In another embodiment, a system is provided including a guide catheter having a fixation member, a fluid delivery device, and an implantable lead. After fixing the guide catheter at a desired implant site, the fluid delivery device, advanced down a lumen of the guide catheter, may be used to treat a volume of tissue at that site. The fluid delivery device may then be removed and an implantable lead may be advanced through the guide catheter to the treated tissue site. The guide catheter may then be removed, leaving the lead implanted at the treated tissue site.
In alternative embodiments, a transvenous lead having a distal fixation member is provided with a center lumen through which a fluid delivery device may be advanced to treat a volume of tissue in which the lead is implanted. A seal is preferably provided at the distal end of the lead body to prevent fluid ingress. The distal fixation member may be provided as a passive or active fixation member. In one embodiment, a retractable active fixation member is provided. In another embodiment, the implantable lead may be provided as an epicardial lead.
The fluid delivery device may take the form of a hollow needle or stylet that may be advanced through a lumen of the lead body, penetrated through the seal and into the targeted tissue site. The fluid delivery device may be provided with a conductive tip to allow sensing of electrophysiological signals. Fluid delivery may be performed once the delivery device is inserted in the targeted tissue location as verified by sensing electrophysiological signals characteristic of the targeted tissue. After delivery of a fluid, which may be a pharmaceutical, genetic or biologic agent carried in a liquid medium, the fluid delivery device may be removed, leaving the transvenous lead implanted at the treated tissue site.
The medical lead may further include a reservoir that may be filled by the fluid delivery device with a pharmaceutical, genetic or biologic agent. The agent will elute from the reservoir into surrounding tissue over time. Treatment of a volume of tissue with a pharmaceutical, genetic or biologic agent may thus be treated by delivering a bolus injection directly into the tissue or slow elution of the agent over time, or both.
A fluid may be delivered post-operatively by gaining access to the lumen of an implanted lead through an access port on the implanted device to which the lead is connected. Multiple injections at the lead implant site at various time intervals are possible by inserting a fluid delivery device through the access port and advancing it through the lead lumen. Fluid may be delivered directly to the lead implant site, or a fluid reservoir may be refilled.
Thus, the present invention provides a medical lead and fluid delivery system that allows a lead to be implanted in a volume of tissue treated concurrently with the lead implant procedure, or at any time post-operatively, by an acutely delivered fluid delivery device.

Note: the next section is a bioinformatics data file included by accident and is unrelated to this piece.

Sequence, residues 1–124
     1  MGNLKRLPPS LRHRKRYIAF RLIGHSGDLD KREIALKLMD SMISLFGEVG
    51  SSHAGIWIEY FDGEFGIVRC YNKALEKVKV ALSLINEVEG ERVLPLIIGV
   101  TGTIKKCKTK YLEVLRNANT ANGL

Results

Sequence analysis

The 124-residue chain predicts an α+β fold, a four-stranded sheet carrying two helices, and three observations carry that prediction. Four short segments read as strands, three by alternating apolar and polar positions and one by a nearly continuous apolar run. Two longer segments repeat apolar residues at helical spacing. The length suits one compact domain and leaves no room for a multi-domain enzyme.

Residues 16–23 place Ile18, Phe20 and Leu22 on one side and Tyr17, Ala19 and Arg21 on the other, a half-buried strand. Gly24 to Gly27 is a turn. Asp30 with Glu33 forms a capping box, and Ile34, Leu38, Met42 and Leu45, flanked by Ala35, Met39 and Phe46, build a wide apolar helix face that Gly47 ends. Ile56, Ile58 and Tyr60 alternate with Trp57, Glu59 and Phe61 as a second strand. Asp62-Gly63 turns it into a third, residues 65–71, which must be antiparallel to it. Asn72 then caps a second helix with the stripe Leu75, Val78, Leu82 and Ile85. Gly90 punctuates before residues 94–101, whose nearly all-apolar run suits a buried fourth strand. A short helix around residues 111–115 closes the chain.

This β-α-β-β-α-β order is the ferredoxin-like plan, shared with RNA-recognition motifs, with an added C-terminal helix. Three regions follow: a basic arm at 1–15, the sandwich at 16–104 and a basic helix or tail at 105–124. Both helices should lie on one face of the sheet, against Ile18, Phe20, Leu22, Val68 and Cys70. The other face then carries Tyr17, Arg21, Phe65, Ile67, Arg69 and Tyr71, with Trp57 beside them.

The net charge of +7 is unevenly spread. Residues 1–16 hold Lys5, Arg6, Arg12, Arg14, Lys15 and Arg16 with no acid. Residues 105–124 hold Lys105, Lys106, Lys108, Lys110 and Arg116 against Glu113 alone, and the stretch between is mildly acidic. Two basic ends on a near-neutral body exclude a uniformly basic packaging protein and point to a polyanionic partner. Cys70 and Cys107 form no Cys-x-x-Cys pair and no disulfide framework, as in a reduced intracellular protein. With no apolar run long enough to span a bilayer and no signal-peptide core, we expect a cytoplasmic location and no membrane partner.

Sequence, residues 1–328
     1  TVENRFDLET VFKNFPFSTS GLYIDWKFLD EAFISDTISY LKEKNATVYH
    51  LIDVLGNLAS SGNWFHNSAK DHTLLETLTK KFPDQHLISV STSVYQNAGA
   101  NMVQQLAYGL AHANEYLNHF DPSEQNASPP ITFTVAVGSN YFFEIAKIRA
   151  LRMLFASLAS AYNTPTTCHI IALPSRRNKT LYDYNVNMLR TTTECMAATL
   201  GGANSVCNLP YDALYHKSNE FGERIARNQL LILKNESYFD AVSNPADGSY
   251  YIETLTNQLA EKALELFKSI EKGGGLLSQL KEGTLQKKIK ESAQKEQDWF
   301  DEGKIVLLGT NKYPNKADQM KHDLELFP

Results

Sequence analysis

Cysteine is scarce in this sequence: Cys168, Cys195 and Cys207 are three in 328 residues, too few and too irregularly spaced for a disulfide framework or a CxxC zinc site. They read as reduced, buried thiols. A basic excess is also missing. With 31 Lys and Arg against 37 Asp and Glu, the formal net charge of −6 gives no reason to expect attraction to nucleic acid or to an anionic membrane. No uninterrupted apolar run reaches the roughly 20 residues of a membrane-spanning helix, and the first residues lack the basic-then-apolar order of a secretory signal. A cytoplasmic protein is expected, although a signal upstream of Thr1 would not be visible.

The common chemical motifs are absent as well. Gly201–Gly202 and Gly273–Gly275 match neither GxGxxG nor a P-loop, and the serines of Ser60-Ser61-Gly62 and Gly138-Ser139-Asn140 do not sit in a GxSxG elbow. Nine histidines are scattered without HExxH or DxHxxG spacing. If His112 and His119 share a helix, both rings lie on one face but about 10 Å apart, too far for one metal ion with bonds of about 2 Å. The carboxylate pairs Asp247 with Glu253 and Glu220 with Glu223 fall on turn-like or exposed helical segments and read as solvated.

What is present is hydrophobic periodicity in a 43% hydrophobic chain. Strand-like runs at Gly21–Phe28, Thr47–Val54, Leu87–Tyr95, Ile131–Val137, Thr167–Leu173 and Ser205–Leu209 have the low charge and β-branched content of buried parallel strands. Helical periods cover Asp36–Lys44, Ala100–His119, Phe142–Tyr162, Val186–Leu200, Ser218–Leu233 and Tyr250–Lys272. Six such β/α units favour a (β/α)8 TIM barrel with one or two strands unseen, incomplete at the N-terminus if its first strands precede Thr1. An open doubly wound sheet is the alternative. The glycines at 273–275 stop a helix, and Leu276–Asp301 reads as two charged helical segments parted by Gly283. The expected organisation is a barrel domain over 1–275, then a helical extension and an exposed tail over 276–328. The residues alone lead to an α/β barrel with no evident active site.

As described above, the present invention is directed at providing an implantable lead and fluid delivery system in which a fluid delivery device may be used to treat a volume of tissue concurrently with a lead implantation procedure, or at any time post-operatively. After delivering a fluid, the fluid delivery device may be removed leaving the lead implanted at the treated tissue site.
Catheter 10 may be provided as a steerable catheter having a manipulative handle and steering mechanism, such as a pull wire, to aid in maneuvering catheter 10 through body vessels or organs. Steering mechanisms included in catheter 10 may be embodied as generally described in U.S. Pat. No. 5,396,902, issued to Brennen, et al., for example, or U.S. Pat. No. 5,807,249 issued to Qin, et al., both patents incorporated herein by reference in their entirety.
A lead-delivery lumen 16 is provided for delivering an implantable lead 22 to a desired implant site. The lead-delivery lumen 16 is sized to allow lead 22 to easily pass through guide catheter 10 without undue friction or resistance. Lead 22 is shown as an exemplary bipolar lead having a helical tip electrode 24 located at the distal lead end and a ring electrode 26 spaced proximally from tip electrode 24. In other embodiments, lead 22 may be a unipolar, bipolar, or multipolar lead carrying any combination of tip, ring and/or coil electrodes or other sensors. Lead 22 is shown with an active fixation helical electrode 24 but could also be provided with other types of active fixation electrodes or mechanisms, such as a “fish hook” electrode. Lead 22 may alternatively be provided with a generally spherical, hemispherical or ring-shaped tip electrode with passive fixation mechanisms, such as tines as generally known in the art.
A connector assembly 8 is provided at the proximal lead end with a pin connector 4 and ring connector 6 which are electrically coupled to respective conductors that extend to tip electrode 24 and ring electrode 26. Conductors extending the length of lead 22 may be coiled conductors or cabled or stranded conductors as is known in the art.